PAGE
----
Thinking of a fellow peasant Jewish craftsman as the Eternal God who made the universe was quite a stretch for 12 fishermen and internal revenue agents. They knew while still traipsing the hills of Galilee that this was quite a special person: "You are the Christ," Peter the Apostle exclaimed maybe 3/4 through Jesus' ministry, "The Son of the living God." But I've always gotten the vague feeling, from the early bits of the Acts of the Apostles in particular (chapter 4 verse 30 for instance), that Jesus' students needed some time to think it through before they could grasp who exactly he was.
The other 3 Gospels call Jesus such pregnant terms as "Christ" (meaning, Messiah), "Son of God" (pointing to divinity but capable of meaning other things), and "Son of Man." Paul uses "Lord" in a way that points back to God's covenant name ("Yahweh," usually translated "Lord" in English Bibles) in the Old Testament .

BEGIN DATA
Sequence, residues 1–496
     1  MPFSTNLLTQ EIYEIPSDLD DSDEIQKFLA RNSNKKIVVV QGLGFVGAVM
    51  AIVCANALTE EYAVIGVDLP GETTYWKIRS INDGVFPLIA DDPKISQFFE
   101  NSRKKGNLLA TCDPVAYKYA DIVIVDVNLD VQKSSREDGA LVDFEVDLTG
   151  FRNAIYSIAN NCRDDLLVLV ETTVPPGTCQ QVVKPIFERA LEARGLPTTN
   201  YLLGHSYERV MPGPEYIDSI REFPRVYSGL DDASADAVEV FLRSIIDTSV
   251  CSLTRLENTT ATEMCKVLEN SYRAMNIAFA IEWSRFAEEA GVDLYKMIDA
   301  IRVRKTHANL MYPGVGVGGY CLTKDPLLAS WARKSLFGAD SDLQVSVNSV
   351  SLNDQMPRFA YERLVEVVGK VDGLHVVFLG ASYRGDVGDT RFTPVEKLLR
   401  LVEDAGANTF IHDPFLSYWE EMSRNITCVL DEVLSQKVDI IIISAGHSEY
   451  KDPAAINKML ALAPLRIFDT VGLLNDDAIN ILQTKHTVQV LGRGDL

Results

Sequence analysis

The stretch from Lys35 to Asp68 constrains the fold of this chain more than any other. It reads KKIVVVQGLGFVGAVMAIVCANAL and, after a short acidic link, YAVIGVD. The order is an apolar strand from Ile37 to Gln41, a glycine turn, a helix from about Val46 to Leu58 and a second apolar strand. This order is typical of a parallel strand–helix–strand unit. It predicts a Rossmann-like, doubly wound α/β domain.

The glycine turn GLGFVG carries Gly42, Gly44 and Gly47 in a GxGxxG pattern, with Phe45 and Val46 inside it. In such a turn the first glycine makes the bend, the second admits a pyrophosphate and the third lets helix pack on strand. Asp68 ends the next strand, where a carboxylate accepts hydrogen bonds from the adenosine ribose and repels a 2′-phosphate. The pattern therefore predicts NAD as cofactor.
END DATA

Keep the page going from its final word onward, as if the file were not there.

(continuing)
But it's John who comes right out with it:
In the beginning was the Word(Gospel of John, chapter 1 verses 1 - 3, Common English Bible)
and the Word was with God
and the Word was God.
The Word was with God in the beginning.
Everything came into being through the Word,
and without the Word
nothing came into being.